Ordinal Score "(S,P)"systems

In a score voting system, there is the issue of what scores to allow voters to submit, as well as of how to bring together the various score ballots and produce an election winner. As such, my goal here is to produce a scorebased system with results that are independent of what particular score set is chosen, as long as the scores are ordinally ranked. My hypothesis is that, even with unlabeled scores, simply blank boxes on a line from left to right with an indication of positivity, would accrue meaning to voters who used such a system as will be described.
In a score system, an (S,P)consensual candidate is one who is scored at least an S by at least a Pfraction of the electorate. It is easy to show that a candidate is (S,P)consensual if and only if it is (R,Q)consensual for all R less than or equal to S and all Q less than or equal to P. The statement that a candidate is (S,P)consensual is essentially an argument supporting their fitness as the election winnerthe strength of the argument increases as S and P increase independently.
Let X be the random variable that is the score assigned to candidate C by a voter chosen uniformly at random. For each candidate, there is an (S,P) production possibilities frontier of points corresponding to the boundary of obtainable (S,P) values such that the candidate is (S,P)consensualit is simply the plot of Prob(X>= S) against scores S.
A candidate C is (S,P)dominated if there is another candidate K whose production possibilities engulfs that of C. A voting system is (S,P)efficient if (S,P)dominated candidates are precluded from winning an election. I think it is almost selfevident that any reasonable scorebased system definitely needs to be (S,P)efficient.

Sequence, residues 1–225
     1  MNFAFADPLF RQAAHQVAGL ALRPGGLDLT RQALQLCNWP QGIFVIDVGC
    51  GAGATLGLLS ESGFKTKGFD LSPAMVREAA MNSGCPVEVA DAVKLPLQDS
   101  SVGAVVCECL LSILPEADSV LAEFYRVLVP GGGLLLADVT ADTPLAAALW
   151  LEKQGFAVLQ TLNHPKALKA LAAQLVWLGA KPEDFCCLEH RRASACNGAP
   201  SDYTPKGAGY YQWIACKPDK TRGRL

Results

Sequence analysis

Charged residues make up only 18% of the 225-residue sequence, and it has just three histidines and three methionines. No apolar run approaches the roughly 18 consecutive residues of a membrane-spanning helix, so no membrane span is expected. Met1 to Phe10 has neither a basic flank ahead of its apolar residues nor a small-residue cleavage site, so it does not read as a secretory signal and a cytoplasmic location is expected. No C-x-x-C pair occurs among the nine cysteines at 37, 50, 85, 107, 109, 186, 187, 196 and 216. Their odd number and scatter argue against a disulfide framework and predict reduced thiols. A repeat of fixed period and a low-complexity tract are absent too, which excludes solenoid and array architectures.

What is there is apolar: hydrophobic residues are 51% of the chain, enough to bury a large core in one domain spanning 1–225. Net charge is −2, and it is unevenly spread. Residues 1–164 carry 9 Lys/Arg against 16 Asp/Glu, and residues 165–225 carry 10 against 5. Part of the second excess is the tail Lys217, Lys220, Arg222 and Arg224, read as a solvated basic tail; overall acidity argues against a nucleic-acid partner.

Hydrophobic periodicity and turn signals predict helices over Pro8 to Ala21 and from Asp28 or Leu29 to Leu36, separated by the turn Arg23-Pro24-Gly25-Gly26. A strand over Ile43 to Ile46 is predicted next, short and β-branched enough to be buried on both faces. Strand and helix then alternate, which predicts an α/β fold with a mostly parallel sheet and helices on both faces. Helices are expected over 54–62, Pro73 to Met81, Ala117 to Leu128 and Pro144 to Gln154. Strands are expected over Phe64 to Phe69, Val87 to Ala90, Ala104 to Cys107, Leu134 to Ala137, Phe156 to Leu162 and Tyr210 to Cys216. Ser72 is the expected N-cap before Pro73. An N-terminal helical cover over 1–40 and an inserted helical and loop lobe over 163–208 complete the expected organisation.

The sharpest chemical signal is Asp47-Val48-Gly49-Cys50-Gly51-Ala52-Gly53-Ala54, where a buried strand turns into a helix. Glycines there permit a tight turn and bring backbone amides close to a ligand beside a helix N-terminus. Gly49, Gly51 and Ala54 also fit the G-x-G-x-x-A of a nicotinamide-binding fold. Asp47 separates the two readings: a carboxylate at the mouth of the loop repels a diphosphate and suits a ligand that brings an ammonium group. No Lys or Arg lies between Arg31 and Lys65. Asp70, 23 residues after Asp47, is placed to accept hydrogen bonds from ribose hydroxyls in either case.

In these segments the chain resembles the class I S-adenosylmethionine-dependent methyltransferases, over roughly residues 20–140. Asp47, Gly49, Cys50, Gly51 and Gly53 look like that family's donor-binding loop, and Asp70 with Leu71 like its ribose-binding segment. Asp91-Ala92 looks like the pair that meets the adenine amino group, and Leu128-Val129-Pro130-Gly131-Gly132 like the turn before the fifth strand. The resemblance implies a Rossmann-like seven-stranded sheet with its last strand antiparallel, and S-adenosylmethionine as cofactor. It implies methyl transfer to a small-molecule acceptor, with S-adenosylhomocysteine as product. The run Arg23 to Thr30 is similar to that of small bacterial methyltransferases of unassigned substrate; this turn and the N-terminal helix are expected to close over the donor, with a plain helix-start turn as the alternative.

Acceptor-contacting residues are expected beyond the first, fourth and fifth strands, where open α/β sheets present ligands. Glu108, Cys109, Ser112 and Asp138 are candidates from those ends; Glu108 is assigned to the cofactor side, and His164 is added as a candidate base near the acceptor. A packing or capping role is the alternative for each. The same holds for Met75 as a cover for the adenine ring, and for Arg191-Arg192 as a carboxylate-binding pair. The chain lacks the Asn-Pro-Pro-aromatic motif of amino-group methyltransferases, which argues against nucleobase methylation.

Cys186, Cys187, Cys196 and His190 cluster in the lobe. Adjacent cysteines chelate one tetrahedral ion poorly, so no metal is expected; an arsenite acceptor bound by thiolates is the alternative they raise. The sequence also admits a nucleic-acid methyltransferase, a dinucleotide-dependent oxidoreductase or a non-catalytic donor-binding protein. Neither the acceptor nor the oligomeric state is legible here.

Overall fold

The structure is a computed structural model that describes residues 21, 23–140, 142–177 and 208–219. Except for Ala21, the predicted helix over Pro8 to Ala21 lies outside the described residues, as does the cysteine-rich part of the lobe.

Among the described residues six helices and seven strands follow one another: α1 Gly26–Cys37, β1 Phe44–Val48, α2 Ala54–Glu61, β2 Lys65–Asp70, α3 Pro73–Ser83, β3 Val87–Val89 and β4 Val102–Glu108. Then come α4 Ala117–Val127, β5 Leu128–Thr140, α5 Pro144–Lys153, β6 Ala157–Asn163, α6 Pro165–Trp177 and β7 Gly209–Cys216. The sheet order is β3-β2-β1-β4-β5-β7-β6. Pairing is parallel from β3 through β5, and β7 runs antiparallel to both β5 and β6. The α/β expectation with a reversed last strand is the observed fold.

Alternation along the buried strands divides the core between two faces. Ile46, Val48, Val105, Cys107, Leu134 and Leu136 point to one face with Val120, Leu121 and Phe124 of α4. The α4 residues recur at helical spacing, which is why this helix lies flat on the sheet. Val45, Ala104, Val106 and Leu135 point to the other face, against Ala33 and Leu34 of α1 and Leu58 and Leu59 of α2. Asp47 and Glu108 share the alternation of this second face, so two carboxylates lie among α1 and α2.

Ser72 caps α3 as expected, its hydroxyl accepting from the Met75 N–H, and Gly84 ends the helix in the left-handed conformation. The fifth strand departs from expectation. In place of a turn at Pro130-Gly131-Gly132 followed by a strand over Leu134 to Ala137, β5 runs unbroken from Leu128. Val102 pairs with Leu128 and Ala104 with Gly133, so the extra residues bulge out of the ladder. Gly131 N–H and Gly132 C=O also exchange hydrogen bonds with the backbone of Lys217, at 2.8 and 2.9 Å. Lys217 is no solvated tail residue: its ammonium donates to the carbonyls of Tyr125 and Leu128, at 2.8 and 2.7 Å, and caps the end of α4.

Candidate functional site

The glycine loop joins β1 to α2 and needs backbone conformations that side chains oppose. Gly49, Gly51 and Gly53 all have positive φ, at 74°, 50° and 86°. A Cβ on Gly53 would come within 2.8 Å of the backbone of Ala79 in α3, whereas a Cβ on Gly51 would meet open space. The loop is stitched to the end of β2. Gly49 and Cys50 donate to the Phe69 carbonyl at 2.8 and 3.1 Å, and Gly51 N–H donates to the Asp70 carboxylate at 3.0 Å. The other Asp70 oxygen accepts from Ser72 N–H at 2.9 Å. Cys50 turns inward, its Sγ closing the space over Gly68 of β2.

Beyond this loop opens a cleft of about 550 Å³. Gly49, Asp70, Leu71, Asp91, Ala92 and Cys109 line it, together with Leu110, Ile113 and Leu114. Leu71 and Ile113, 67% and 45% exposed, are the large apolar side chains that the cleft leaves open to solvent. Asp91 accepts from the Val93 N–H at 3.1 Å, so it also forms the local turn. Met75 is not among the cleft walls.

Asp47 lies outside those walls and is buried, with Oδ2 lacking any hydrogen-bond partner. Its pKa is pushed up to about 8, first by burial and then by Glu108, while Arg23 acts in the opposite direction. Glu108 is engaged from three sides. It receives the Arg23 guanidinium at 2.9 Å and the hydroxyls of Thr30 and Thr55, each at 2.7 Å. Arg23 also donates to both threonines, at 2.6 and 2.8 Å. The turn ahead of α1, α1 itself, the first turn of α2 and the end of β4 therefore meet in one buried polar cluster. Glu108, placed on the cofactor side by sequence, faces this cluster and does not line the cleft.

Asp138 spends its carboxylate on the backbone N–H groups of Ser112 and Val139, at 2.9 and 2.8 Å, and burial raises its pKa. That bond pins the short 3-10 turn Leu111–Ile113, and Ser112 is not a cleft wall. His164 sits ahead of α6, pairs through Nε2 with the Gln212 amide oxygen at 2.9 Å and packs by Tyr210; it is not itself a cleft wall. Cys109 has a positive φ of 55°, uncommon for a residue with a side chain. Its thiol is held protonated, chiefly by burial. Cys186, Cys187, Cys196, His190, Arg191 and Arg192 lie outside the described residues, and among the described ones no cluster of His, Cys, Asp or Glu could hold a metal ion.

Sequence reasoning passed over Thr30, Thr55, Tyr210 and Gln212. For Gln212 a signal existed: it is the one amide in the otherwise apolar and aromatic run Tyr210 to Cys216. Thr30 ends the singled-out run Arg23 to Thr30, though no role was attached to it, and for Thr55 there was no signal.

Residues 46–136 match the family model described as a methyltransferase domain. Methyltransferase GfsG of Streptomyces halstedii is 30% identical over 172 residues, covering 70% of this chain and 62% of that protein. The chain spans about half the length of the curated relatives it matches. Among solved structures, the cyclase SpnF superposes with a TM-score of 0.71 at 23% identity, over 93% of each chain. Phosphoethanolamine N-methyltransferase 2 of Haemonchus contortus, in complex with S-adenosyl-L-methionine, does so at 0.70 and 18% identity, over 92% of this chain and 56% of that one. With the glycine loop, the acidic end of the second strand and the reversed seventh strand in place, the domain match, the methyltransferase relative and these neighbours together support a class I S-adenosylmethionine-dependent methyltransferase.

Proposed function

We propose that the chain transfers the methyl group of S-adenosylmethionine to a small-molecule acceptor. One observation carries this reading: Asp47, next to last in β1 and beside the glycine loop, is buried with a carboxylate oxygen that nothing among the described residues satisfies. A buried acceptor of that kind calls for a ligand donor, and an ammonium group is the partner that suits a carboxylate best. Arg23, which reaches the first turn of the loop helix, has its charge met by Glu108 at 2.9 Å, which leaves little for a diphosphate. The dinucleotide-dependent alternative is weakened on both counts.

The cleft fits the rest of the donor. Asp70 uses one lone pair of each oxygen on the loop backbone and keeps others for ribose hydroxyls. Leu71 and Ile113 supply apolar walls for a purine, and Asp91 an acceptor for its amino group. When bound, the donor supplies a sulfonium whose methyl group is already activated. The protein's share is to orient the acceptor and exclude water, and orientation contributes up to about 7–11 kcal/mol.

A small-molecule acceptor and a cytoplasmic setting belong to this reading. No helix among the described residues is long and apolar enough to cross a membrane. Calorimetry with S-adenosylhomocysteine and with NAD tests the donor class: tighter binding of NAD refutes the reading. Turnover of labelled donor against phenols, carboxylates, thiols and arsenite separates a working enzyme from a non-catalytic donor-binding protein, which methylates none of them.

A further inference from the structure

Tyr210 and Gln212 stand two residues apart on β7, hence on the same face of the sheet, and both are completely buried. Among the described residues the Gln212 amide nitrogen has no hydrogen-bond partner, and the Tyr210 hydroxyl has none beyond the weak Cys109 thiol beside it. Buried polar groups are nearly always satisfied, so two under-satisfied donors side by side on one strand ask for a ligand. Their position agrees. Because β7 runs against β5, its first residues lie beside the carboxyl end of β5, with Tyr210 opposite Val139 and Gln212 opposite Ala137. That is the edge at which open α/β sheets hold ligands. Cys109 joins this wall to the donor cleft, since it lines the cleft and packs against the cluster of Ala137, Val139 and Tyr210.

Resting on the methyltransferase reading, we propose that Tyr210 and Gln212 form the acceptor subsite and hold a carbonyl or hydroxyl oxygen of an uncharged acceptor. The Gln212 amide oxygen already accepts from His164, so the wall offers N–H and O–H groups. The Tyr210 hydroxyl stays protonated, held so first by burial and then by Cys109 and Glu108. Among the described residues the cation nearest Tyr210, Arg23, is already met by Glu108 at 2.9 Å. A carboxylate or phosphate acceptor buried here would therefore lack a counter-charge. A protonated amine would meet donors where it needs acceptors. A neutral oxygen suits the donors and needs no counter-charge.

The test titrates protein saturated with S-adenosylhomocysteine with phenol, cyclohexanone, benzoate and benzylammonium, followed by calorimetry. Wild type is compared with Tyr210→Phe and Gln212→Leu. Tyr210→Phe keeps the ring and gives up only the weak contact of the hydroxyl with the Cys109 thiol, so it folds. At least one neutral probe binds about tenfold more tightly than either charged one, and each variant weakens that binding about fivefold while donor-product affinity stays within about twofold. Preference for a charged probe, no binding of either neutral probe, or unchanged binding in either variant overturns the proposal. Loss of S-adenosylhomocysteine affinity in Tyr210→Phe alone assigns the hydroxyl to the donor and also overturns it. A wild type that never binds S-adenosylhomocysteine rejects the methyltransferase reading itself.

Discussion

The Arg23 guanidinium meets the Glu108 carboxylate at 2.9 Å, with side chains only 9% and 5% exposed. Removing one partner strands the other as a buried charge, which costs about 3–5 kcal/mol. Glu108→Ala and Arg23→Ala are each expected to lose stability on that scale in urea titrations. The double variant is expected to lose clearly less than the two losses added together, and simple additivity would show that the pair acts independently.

For an example of an (S,P)efficient election strategy, consider the voting system that chooses a candidate with a maximal area bounded in (S,P)space by their productionpossibilities frontier. This precludes (S,P)dominated candidates from winning the election. More generally, any measure over (S,P) space will allow us to assign a score to each candidate consisting of the measure contained within their productionpossibilities frontier, and this is also (S,P)efficient.
Another method that is independent of both the measure and the scores is given by first eliminating all (S,P)dominated candidates, and then using a determined method of generating a "random" productionpossibilities frontier in (S,P)space and calculating the probability that a candidate's frontier will be engulfed by a randomly produced curve. The candidate with the lowest probability of being engulfed seems like a very reasonable choice, although the algorithm to produce the random frontier will vary what exactly this means in practice.
Here is one method to produce a "random" productionpossibilities frontier: if there are N scores, generate N1 real numbers in [0,1] chosen uniformly at random. Let these numbers be X(1), X(2), ..., X(N1). Then the random frontier is given by X(1) at score 1, X(1)*X(2) at score 2, X(1)*X(2)*X(3) at score 3, etc. Then the probability that a frontier {(S1, P1), (S2,P2),...,(Sn,Pn)} is engulfed by a random frontier is
(1P1)(1P2/P1)(1P3/P2)...(1Pn/P(n1))
However, this measure is problematicif P1=1 for example, then the measure is automatically 0 independent of the other values of P(n), which definitely does not seem logically admissible. More generally it is zero if we ever have P(n)=P(n1). Although events like that are rare, if we are looking for a system that is in line with our intuitive social understanding of what should make one frontier superior to another, we should look for an alternative that does not produce these aberrations.